For the first three months of my life, I survived only on my mother's breastmilk. Quite possibly you did too.
Feeding babies on milk is so universal, it's hard to imagine what life would be like if we didn't do it. But out in the natural world, milk is common but not universal. Entire groups of animals, birds for example, don't produce anything like it and survive perfectly well.
So how and why did milk evolve? When scientists began to trace its evolutionary history, they found it is far older than we might have thought. Milk dates back hundreds of millions of years to the first animals that walked on land; although the first milk might not have been much like the stuff you put on your cereal.
Milk and breasts gained star status in the 18th century, when the Swedish biologist Carolus Linnaeus began categorizing species into groups based on their unique traits.
Some of Linnaeus's groupings have proved to be wrong, but one has held firm. He realized that a host of animals, including humans, all lactate. Females of these species nourish their young with milk from their mammary glands.
Linnaeus called these animals the Mammalia, meaning "of the breasts". Nowadays we tend to call them "mammals", and they really do all produce milk.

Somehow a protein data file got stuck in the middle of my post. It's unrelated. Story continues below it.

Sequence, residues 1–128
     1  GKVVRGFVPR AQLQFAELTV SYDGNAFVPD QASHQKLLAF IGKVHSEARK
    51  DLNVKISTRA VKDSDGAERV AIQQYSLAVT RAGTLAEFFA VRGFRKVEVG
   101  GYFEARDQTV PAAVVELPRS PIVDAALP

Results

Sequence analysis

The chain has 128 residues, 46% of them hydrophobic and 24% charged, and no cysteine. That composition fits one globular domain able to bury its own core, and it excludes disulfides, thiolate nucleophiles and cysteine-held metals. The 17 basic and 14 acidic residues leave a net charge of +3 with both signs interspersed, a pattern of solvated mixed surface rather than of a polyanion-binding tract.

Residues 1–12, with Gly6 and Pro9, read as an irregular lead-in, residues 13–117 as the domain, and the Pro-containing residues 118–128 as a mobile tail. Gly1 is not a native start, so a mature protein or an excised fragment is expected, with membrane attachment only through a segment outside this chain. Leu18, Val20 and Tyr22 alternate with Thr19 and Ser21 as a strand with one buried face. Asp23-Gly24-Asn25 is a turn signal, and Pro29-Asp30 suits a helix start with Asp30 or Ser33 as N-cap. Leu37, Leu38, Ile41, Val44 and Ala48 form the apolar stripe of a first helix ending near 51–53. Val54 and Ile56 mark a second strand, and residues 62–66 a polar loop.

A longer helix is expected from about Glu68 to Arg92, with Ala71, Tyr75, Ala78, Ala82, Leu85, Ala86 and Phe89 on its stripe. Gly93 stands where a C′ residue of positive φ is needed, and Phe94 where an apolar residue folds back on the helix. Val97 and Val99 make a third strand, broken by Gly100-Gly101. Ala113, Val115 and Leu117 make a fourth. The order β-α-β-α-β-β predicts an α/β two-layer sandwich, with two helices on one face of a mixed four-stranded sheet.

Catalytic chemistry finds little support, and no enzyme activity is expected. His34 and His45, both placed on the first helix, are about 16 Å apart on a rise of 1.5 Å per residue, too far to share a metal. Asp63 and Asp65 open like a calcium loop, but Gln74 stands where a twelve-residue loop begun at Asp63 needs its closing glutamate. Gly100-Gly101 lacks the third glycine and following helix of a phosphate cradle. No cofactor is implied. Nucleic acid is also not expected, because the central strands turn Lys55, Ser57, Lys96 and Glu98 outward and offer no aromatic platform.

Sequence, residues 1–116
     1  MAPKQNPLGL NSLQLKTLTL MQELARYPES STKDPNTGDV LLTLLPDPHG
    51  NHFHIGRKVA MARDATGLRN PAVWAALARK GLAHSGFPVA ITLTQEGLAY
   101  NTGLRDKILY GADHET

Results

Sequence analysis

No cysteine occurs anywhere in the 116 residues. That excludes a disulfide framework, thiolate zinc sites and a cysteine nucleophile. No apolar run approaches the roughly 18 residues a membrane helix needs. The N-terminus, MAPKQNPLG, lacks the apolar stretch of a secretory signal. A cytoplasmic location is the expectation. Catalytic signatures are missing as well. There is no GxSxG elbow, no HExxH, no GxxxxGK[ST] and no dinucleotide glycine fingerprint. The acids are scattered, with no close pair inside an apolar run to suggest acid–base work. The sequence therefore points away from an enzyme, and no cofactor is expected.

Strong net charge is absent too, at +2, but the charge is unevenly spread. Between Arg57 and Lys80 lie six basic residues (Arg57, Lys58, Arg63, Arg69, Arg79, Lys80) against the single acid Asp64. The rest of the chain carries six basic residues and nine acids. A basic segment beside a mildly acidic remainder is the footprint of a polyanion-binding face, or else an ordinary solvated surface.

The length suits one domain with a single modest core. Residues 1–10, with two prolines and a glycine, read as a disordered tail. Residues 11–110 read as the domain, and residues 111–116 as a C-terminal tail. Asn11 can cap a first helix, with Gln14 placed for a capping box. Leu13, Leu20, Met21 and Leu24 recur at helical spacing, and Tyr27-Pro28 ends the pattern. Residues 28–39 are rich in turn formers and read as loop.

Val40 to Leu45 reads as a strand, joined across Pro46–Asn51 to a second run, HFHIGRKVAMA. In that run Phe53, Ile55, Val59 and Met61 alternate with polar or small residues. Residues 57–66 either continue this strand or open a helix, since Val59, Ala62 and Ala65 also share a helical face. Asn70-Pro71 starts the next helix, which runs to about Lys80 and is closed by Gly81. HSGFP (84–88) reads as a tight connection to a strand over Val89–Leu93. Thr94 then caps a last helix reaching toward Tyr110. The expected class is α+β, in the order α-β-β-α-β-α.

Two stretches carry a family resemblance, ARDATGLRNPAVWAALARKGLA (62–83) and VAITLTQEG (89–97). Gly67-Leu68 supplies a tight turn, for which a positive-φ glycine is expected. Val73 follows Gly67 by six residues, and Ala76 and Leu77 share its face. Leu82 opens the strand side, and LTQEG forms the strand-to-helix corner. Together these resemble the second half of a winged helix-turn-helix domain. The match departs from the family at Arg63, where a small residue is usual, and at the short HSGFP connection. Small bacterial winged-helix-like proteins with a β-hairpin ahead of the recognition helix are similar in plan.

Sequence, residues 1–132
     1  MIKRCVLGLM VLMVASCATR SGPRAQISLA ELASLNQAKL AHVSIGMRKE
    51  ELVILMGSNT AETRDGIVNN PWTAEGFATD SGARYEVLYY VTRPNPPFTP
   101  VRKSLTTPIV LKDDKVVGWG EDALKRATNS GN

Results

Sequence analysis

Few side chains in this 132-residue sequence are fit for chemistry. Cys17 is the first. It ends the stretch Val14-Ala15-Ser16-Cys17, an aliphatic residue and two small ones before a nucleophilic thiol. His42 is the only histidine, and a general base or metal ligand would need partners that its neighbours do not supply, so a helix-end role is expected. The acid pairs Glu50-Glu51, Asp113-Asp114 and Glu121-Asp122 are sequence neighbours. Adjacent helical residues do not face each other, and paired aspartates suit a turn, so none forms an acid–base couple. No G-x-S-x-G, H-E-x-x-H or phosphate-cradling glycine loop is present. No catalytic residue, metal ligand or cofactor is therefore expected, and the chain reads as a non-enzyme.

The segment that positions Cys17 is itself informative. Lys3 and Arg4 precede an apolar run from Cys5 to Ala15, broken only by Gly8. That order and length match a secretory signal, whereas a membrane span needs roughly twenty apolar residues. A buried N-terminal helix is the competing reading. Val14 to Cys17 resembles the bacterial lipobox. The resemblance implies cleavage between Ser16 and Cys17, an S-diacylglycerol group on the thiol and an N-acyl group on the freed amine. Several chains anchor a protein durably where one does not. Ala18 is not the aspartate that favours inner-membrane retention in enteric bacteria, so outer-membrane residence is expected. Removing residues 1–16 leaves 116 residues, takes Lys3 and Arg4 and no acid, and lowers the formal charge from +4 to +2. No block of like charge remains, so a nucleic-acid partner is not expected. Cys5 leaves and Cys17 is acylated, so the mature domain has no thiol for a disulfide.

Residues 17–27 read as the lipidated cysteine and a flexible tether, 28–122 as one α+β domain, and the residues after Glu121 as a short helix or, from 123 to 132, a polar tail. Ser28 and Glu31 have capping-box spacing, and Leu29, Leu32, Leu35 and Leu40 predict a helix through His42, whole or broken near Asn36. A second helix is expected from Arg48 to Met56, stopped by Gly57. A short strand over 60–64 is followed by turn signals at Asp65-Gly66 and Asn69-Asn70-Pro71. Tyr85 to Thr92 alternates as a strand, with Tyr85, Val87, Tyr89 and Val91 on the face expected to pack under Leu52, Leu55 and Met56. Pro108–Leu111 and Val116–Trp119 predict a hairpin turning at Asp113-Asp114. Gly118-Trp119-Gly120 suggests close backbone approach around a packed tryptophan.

Hooded seals produce milk for their pups that is probably fattier than the richest ice cream. Ocean-dwelling whales and dolphins breastfeed their young, flying bats make milk, and so do dogs, cats, elephants, rhinos and humans.
This rule even extends to the most primitive mammals, which don't give birth to live young.
The monotremes, which include the duck-billed platypus and spiny anteaters, all lay eggs. But they still have milk-producing mammary glands.
The same is true of marsupials like kangaroos and possums. They give birth to tiny babies, which then live in a special pouch on the mother and grow by suckling her milk.
Based on all this, it seems clear that milk and breastfeeding are unique to the mammals. But it's not obvious when it evolved.
It's difficult to study the evolution of breastfeeding. Unlike bones, mammary glands do not fossilize.
"It's hard to get any prehistorical data from the mammary gland," says Peter Hartmann of the University of Western Australia in Perth.
He believes that mammary glands were fully evolved before the first mammals set foot on Earth
So scientists sought answers elsewhere. They scanned the genes of animals that produce milk, and compared them with animals that do not.
They also looked at the structure of mammary glands in different milk-producing animals, compared the composition of their milk, and examined how they reproduce.
These studies have led Olav Oftedal of the Smithsonian Environmental Research Center in Edgewater, Maryland to a surprising conclusion. He believes that mammary glands were fully evolved before the first mammals set foot on Earth.
"Even though we now consider lactation as a characteristic of mammals, and it is clear that we are the only living existing creatures that have mammary glands, I believe that mammary glands have an older origin," Oftedal says.